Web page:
Media & Marketing and Sports Business

SPORTS: Life lessons revealed on a nine-hole golf course

August 29, 2005

I received the best golf lesson of my life recently, and it didn't cost a dime.

My instructor didn't work on my grip, my stance or my posture at address. He didn't tell me to keep my head down, my left arm straight or to turn my hips toward the target.

We didn't talk about fluffy, plugged or tight lies. We didn't talk about reading putts or reading divots.

We didn't work on driving, long irons, short irons, wedge play or bunker shots.

Yet, I learned so much. Or, at least, I was reminded of so much.

On a recent sunny Saturday morning, my wife, Sherry, and I drove to the Crooked Creek Golf Club on the city's northwest side.

We had volunteered as caddies for Special Olympics Indiana's statewide golf competition.

Occasionally, you hear Special Olympians described as people who "suffer" from intellectual disabilities. Suffer not only is the wrong word, it is demeaning. The truth is that the ones who suffer are those who can't-like the forest for the trees-see the abilities for the disabilities.

Such as the ability to inspire and the ability to teach, which the Special Olympians in our group did.

There was David Mannen from St. Joseph County, who goes by his nickname "Fez." There was Jason Plante from Tippecanoe County. And there was David Tuttle from Putnam County.

It was a nine-hole tournament, played according to USGA rules. The only adjustment in the scoring was that 10 was the maximum any golfer could score on a hole.

The competition was conducted on Crooked Creek's back nine, which is "executive" length-meaning short-that plays to a par 32. Still, it had enough of the kinds of things-water, sand, rough and out of bounds-that can hurt a score.

Let me cut to the results.

"Fez" shot a remarkable 3-over 35. Taught the game by his brother, who is a professional at a city course in South Bend, Fez had a controlled draw and a deft putting stroke. Best of all, his polite, easygoing demeanor didn't change over the nine holes, which, come to think of it, might have been another reason he shot 35.

Jason is only 16 but also is an excellent golfer. As his caddie, I kept offering advice on various shots. Only he kept waving me off, saying, "I know what I have to do."

He did. After a shaky triple-bogey on the first hole, he went on to shoot 39.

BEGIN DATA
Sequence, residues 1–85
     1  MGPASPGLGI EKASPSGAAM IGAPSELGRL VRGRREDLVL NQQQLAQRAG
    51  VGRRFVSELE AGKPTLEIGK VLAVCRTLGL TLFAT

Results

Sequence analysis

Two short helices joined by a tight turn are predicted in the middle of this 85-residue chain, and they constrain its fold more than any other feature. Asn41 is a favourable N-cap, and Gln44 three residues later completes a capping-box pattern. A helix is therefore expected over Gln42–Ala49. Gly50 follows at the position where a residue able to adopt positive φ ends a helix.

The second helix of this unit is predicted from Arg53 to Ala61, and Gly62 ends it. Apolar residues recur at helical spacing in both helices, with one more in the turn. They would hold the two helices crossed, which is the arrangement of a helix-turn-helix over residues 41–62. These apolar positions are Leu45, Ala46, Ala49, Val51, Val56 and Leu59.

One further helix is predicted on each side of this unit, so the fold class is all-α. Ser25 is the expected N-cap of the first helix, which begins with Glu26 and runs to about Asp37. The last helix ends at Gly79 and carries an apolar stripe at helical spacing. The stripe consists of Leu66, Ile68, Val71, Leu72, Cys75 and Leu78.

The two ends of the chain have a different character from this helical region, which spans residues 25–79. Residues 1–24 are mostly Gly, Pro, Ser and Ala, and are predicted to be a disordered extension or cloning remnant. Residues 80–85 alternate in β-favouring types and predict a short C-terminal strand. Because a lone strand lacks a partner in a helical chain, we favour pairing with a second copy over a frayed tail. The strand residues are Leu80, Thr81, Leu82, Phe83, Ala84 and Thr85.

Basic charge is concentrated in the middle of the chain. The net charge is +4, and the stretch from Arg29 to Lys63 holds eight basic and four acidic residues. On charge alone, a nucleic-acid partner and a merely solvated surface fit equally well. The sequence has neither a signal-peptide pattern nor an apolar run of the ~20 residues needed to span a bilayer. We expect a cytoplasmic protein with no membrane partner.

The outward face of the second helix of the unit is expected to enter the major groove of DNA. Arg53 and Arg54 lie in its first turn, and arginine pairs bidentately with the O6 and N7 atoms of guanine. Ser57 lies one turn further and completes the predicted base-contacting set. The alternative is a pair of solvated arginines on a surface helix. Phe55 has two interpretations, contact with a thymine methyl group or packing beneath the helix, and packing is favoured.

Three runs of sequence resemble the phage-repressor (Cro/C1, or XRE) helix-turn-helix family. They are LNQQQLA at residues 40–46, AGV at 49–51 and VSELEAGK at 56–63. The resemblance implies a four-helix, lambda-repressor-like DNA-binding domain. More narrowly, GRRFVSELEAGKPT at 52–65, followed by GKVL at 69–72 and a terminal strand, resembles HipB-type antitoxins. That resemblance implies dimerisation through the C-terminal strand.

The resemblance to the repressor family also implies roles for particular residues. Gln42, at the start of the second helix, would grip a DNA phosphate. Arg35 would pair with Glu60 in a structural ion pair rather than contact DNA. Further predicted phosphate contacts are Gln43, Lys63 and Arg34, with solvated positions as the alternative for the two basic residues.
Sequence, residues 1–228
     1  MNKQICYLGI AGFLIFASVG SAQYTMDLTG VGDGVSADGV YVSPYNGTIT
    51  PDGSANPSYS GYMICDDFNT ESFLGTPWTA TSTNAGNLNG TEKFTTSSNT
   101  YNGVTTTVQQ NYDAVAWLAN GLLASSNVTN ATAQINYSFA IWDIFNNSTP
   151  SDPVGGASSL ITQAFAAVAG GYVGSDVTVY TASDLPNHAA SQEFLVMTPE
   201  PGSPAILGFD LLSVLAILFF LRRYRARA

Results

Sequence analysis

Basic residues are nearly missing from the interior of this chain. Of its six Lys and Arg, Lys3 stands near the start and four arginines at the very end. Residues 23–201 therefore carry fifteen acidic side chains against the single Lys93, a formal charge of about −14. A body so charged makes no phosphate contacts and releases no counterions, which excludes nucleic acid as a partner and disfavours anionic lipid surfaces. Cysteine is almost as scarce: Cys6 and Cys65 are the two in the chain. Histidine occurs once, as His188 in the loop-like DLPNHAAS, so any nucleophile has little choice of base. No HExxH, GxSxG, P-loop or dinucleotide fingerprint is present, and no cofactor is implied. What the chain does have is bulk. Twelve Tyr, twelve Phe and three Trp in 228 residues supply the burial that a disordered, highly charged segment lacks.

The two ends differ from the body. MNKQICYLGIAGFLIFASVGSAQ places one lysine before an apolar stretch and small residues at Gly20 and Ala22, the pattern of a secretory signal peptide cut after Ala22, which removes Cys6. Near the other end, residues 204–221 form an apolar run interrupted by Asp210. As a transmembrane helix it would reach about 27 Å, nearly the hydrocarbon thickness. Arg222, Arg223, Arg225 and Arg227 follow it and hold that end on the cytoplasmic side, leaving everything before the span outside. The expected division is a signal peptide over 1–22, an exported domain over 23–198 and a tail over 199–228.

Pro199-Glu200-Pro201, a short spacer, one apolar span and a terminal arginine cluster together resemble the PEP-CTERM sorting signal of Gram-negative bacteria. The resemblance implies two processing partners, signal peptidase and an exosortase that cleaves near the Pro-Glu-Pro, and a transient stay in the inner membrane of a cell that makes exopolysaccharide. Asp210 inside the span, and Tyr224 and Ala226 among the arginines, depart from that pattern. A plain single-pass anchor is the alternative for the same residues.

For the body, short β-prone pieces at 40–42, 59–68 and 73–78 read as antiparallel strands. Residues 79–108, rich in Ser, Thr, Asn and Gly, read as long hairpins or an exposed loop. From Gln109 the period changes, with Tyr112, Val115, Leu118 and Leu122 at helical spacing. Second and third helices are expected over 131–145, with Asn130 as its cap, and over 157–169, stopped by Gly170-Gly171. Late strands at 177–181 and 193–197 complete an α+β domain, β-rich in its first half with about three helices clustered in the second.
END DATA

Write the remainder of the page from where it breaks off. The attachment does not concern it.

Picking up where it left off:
So two of our golfers broke 40, impressing us with their abilities, and making us forget their disabilities.

But as far as Sherry and I were concerned, David Tuttle supplied the joy-and the golf lesson-of the day.

He hasn't played in many competitions and he struggled. He had five "10s" on his scorecard and finished with a total in excess of 80. And his ball was like a vining stick-if there was water anywhere nearby, the ball would find it.

But David never became discouraged, frustrated (OK, maybe just a little) or angry. He immediately forgot the last bad shot, and focused on trying to hit the next good shot. As the round progressed, he got better. The smile never left his face. Hey, it was a sunny Saturday on a golf course ... no reason to let a few lost balls and a big score spoil that.

Special Olympics Indiana has a slogan: "It's All About Attitude." David was the personification of that.

The next day, Sherry and I went golfing and I was hitting it, well, lousy. But each time I began to complain about my poor play, Sherry would stop me.

"Think about David," she said.

She was right. So many joys in life, like a sunny day on the golf course with my bride at my side. Forget the bad shot. Focus on the next shot. And smile.

Lesson learned. Thanks, David.

And while I still (I hope) have your attention, allow me to make a pitch. The John Wooden Tradition Golf Tournament to benefit Special Olympics Indiana takes place Sept. 27 at Prairie View. Proceeds benefit the 11,000 Hoosier Special Olympians who-like Tom, David and Fez-inspire and teach the rest of us about the joy of sports and competition. Packages, including golf and premium seating at the John Wooden Tradition basketball doubleheader at Conseco Fieldhouse in November (Purdue University plays Xavier University, and the University of Notre Dame takes on North Carolina State University) are available; call Lisa Turner at 328-2000.

Tell her David sent you.



Benner is a former sports columnist for The Indianapolis Star. His column appears weekly. To comment on this column, go to IBJ Forum at www.ibj.comor send e-mail to bbenner@ibj.com.
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